Concelebrants and beloved children in Christ who is born,
As we are all aware, there are two major saving events of
divine Providence which we celebrate every year with
appropriate gratitude and vigilance: Christmas and
Easter. These two are justifiably the climax of the
Church year; and they are by no means unrelated to each
other. The former is the presupposition of the
latter. And the latter is the steadfast goal of the
The Incarnation of God that we celebrate at Christmas
would remain unfulfilled, and we could say unjustified, if
it did not culminate in the Crucifixion and Resurrection of
the only sinless God-Man, who is Christ. He came to earth
exactly as the Prophets had foretold: "behold the lamb of
God who takes away the sin of the world" (John 1:29).
Of course the image of the Lamb, namely the "lamb
slain from the foundation of the world" (cf. Rev. 13:8),
appears to be more suited to Holy Week and Easter. This is
because the Cross of Christ expresses more fully and
clearly the meaning of the redeeming sacrifice for
all of humankind. However, as we shall see, the 'spotless
lamb' is the central motif in the mystery of the divine
Incarnation. It expresses the love of God, which can
never be reciprocated. We can appreciate this better by
remembering the basic attributes of the Lamb.
The first attribute of the Lamb is humility - As
far as we know, there is no other animal in all of creation
which is more good-natured than the lamb. When sheared, it
offers no objection. When led to the slaughter, it follows
without protest, as if without suspicion about what lies
ahead. This is precisely why the loud-voiced Prophet Isaiah,
foretelling the 'utter humility' of Christ who was to come,
found no image from the created world more expressive of the
'divine-human' ethos, than the manner of an innocent
"He was afflicted, yet he did not open his
like a lamb that is led to the slaughter,
and like a sheep that before its shearer is silent,
so he did not open his mouth" (Is. 53:7).
The second attribute of the lamb is purity - if we
recall the comparison made in the Gospel between
sheep and goats (at the Second Coming of
Christ), we will notice an underlining of the fact that,
while goats have an untamed and rebellious nature,
the sheep always remain peaceful, which comes from their
deep innocence and tranquility.
It is clear that both the mentioned attributes of the
Lamb are strong symbols of the 'utter humility' of
Christ on the one hand, and His 'absolute sinlessness' on
the other. However, these two features of Christ's divine
and human person did not appear for the first time just
before the Cross and death. They were in fact the constant
characteristics that testified to the mystery of
'self-emptying' divinity from the very beginning of the
Incarnation and throughout His earthly life!
Even when He took the whip to drive the merchants from
the Temple, His anger was not hatred. It was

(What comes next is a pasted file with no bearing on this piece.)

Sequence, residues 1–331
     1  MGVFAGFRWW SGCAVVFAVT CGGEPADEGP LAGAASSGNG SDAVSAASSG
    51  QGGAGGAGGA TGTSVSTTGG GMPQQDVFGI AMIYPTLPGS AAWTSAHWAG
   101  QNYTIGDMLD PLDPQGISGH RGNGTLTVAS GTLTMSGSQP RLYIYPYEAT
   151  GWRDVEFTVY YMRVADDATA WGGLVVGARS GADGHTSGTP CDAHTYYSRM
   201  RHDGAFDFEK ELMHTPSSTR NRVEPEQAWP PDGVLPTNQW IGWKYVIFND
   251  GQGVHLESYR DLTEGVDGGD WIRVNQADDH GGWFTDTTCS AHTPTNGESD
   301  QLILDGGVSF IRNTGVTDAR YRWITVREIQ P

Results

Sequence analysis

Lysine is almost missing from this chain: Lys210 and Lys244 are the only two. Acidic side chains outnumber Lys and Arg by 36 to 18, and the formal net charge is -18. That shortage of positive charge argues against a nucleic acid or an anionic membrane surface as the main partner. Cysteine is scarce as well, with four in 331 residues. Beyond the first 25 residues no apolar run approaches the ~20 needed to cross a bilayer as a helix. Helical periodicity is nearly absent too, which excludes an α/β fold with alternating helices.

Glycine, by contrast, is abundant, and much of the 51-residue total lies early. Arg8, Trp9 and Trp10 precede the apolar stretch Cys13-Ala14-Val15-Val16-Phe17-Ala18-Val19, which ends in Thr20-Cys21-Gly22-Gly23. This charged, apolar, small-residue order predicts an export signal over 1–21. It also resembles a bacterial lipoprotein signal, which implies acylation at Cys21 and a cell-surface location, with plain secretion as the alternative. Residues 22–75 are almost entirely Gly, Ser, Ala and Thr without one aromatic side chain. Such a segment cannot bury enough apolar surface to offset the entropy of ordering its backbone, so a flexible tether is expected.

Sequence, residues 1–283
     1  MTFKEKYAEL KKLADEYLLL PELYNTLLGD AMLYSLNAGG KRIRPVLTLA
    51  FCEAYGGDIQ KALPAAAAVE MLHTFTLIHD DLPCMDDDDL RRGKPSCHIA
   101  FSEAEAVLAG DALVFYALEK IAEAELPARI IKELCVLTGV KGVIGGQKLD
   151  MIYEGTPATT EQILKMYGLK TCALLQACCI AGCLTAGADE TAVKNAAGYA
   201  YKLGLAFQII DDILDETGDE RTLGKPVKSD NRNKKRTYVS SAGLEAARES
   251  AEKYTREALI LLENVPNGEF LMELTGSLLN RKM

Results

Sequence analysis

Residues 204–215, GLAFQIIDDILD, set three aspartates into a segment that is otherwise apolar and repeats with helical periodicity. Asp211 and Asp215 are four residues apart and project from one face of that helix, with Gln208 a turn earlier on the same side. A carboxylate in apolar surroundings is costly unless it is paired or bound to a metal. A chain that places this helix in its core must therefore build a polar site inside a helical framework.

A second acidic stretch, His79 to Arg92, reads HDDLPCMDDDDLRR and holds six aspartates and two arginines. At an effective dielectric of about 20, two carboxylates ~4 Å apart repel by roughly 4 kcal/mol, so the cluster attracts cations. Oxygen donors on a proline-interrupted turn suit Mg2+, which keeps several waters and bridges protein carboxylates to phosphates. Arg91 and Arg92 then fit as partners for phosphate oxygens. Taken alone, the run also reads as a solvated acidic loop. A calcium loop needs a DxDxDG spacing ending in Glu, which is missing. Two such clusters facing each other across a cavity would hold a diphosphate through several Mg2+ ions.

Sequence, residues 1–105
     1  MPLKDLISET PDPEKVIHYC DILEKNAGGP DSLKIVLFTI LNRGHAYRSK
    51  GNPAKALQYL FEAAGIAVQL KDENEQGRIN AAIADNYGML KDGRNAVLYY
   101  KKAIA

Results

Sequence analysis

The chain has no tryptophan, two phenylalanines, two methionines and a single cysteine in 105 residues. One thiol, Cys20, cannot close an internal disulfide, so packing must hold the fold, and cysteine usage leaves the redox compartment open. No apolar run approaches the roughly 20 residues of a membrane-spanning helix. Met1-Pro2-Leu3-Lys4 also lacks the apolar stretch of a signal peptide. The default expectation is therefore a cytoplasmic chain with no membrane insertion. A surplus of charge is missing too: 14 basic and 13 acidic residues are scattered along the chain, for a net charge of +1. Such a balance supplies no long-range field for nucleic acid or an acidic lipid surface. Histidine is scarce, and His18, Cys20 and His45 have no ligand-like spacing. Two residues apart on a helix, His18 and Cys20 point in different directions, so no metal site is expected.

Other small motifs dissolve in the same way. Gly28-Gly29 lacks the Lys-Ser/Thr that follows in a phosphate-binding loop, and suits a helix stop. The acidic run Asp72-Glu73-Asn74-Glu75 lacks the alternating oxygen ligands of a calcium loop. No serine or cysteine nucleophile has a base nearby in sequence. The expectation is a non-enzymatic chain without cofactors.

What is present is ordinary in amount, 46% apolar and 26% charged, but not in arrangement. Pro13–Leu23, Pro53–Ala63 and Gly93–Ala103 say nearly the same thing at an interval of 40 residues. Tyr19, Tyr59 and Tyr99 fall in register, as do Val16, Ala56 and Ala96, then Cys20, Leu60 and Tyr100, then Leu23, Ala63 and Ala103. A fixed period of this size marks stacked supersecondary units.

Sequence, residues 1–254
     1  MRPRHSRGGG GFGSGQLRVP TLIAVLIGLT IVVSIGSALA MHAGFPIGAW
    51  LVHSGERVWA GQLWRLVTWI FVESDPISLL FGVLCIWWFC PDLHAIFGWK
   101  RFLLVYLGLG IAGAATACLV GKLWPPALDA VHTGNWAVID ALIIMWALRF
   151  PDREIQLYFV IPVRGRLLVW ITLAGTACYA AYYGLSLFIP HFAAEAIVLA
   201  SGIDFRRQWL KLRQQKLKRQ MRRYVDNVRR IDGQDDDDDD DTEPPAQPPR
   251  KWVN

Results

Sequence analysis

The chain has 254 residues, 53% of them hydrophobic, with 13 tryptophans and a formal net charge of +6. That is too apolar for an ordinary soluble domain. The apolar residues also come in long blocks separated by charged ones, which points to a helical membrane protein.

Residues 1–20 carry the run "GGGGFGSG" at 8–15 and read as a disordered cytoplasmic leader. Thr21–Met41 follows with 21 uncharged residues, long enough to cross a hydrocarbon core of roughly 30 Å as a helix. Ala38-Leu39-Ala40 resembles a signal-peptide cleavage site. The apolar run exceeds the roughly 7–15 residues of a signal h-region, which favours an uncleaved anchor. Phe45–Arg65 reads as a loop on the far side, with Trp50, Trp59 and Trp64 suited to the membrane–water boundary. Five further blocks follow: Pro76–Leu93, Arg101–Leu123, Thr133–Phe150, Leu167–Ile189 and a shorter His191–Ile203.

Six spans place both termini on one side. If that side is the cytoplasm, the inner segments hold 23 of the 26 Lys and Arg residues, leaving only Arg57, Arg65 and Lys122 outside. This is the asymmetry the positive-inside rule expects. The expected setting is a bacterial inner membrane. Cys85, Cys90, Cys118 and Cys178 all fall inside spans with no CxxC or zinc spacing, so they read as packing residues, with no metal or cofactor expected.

rather the Love that educates and saves. Even in that
moment of 'head-on collision', He remained unchanged in His
divine essence. This was also the case when Christ had the
most pointed confrontation with the hypocrisy and
disbelief of the people of the Law, expressed with
the repeated 'woes' recorded in the Gospel (cf. Matt.
23:13-39). For, it was an indisputable truth which He
proclaimed to all: "
learn from me, that I am gentle
and humble in heart, and you will find rest for your souls"
(Matt. 11:29). Exactly the same thing occurred when Christ
felt the need to reveal the height of His love for humankind
when consoling and supporting the weak and disheartened,
saying those completely unexpected words, "for I did
not come to judge the world, but to save the world" (John
After briefly 'deciphering' some of the meanings of the
Lamb both at Christmas and at Easter,
we can perhaps better appreciate the difference between the
'silence' of God and the 'noise' of the world.
Here, then, is the 'picture' that this year's Christmas
places before us:
The 'silence of the Lamb' contains all the
power and wisdom of God - that which St Paul
called "the mystery that was kept secret for long ages"
(Rom. 16:25). By contrast, the film 'Silence of the
Lambs' made by a modern Director implies, or rather
dramatizes, the cunning, distortion and tragic dead-ends of
people who have grown weary 'without God'.
In the past, the pious (regardless of which
religion they belonged to!), also showed love to their
fellow human beings. They would try to seek out the 'ways of
God' and follow them at least as much as they followed the
laws of nature.
Today, however, those who are impious are
offensively inhuman. They jostle with each other on the
world stage to see who will discover and 'secure' first the
'petrol routes' (and soon those of water as well!). This is
not only to control them, but also to
monopolise them. Nevertheless, the Lord lives. And
divine justice will not be delayed!
However, the salvation, which Christ brought to the
world, is never based on an 'ideology', nor is it a
conventional 'religion'. It is another manner of
existence. A 'strange mystery', literally. It is
the inexpressible miracle of the 'Word' in 'silence'! Of the
'fullness' that is 'emptied'! Of 'strength' in 'weakness'!
Of 'wisdom' in 'foolishness! And indeed the 'foolishness of
the Cross' (cf. 1 Cor. 1), which grants life through 'death'
To God the Word who was incarnate and born as a baby in a
manger for the sake of all people, be glory and worship unto
the ages. Amen.
With fervent prayers to the Lord
Archbishop S T Y L I A N O S